The Savior’s Sufferings in Life -- By: Robert P. Lightner

Journal: Bibliotheca Sacra
Volume: BSAC 127:505 (Jan 1970)
Article: The Savior’s Sufferings in Life
Author: Robert P. Lightner


The Savior’s Sufferings in Life

Robert P. Lightner

[Robert P. Lightner, Assistant Professor of Systematic Theology, Dallas Theological Seminary.]

Introduction

Some are still engaged in the quest for the historical Jesus. Not all who are seeking to find the real Jesus agree on the necessity or the extent of historicity required to establish a system of Christian belief. The searchers do agree, though, that the gospel records do not give us an inerrant record of the person and work of Jesus Christ. Very naturally, therefore, those who still search for the one they refer to as the Jesus of history do not rely upon the gospel accounts for their information. As a result, there is little agreement among the searchers, since the search is really not dependent upon objective information but rather to a large extent upon the subjectivity of the one searching. To be sure the Jesus who is discovered bears little resemblance to the Jesus Christ of Scripture.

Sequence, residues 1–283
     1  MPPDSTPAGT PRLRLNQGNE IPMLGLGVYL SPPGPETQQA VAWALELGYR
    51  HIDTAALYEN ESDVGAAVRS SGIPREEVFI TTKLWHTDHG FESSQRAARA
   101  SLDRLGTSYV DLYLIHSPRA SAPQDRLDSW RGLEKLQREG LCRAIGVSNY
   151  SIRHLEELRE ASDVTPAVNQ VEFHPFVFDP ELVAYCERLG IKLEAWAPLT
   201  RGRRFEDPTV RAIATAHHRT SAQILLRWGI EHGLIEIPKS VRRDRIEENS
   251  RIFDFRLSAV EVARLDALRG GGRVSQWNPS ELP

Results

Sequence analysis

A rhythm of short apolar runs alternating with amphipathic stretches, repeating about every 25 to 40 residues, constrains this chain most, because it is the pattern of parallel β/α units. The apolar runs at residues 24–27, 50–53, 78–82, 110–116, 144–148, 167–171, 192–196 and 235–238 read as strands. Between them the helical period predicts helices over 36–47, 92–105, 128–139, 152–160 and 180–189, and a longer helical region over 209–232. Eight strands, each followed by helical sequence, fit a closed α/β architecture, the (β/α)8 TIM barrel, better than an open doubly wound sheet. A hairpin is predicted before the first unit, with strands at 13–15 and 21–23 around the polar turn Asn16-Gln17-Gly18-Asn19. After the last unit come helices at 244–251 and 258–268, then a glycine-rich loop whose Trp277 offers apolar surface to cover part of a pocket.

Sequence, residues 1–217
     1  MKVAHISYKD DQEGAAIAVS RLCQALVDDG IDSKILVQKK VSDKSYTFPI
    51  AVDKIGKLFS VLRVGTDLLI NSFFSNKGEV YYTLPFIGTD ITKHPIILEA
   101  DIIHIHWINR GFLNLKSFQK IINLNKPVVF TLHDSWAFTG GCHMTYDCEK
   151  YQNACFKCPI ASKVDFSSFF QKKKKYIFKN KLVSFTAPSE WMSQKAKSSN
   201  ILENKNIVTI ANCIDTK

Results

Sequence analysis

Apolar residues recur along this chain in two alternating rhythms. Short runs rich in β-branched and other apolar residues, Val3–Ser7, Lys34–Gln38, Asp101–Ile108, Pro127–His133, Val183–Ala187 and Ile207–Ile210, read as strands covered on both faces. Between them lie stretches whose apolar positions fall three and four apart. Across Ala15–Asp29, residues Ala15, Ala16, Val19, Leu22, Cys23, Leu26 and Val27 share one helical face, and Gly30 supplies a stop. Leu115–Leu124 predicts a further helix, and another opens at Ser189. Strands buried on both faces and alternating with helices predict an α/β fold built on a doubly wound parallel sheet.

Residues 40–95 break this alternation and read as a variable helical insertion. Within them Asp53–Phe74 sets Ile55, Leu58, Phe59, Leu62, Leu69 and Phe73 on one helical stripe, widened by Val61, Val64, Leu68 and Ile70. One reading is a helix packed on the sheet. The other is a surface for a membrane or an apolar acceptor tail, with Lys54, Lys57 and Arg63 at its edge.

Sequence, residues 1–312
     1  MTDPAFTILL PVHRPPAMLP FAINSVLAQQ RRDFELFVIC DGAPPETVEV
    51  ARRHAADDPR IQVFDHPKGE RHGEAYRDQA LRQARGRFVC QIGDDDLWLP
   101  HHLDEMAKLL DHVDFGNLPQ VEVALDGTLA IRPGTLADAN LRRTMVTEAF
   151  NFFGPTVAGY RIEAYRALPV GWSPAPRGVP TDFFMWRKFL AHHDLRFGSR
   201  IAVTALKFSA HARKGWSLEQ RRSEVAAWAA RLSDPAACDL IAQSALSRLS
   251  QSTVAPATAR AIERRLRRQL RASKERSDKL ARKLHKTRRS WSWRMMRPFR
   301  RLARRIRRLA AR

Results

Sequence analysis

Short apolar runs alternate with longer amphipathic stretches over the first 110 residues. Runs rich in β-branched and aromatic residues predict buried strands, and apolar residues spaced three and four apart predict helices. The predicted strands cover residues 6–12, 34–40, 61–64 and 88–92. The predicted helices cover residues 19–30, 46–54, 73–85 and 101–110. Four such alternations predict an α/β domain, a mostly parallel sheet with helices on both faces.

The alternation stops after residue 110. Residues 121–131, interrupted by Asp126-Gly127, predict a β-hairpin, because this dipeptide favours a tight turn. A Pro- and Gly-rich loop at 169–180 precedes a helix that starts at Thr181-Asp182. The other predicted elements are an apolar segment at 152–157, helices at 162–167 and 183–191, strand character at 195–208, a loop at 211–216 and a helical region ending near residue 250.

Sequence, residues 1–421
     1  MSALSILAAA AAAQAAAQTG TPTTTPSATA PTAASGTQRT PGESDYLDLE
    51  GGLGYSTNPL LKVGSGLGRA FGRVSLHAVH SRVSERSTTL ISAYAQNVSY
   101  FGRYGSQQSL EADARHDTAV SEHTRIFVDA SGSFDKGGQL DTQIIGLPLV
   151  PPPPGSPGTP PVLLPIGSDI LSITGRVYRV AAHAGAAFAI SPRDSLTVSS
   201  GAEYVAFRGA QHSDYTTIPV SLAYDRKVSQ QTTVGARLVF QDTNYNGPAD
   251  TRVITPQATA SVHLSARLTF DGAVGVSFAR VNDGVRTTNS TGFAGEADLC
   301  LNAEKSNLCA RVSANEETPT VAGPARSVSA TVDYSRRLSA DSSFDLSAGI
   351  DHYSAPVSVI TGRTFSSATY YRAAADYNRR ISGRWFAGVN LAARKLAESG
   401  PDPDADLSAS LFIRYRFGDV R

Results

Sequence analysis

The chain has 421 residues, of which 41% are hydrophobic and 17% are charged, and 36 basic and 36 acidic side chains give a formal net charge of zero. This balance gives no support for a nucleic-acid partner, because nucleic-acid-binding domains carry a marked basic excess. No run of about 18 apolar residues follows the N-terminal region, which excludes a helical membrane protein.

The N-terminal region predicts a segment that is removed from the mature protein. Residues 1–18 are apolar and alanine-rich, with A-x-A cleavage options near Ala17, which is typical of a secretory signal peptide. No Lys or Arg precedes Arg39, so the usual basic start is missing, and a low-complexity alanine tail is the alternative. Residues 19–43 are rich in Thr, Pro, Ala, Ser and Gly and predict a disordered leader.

The Bible believer is of course vitally concerned with what the Scriptures actually teach in every area. The sufferings of Christ in life are an often neglected and distorted area of study. The truthfulness of the Scriptural accounts is not the issue with those who embrace the authority of the Bible. The question, rather, is one of meaning. What is the theological import of Christ’s life sufferings? That is the question!

All evangelical theologians are united in their agreement that Christ suffered in life. There is some disagreement, though, as to the purpose and the accomplishments of those sufferings. Did Christ’s sufferings in life provide substitution for sin, as did His sufferings in death on the cross? Before that question can be answered accurately, it will be necessary to establish the reality of His life sufferings.

The Reality of His Life Sufferings

Suffering because of His humanity. That the eternal Son of

God became incarnate in human flesh and possessed a true human body is an evident fact of Scripture. The Savior’s birth (Matt 1:18), normal human life and growth (Luke 2:52), and the human names ascribed to Him provide evidence that He possessed a truly human nature. Too, Scripture ascribes to Him a body of flesh (1 John 4:2), a human soul (John 12:27), and a human spirit (John 13:21).

The union of God with man of necessity involved suffering which is associated with humanity. The physical propertie...

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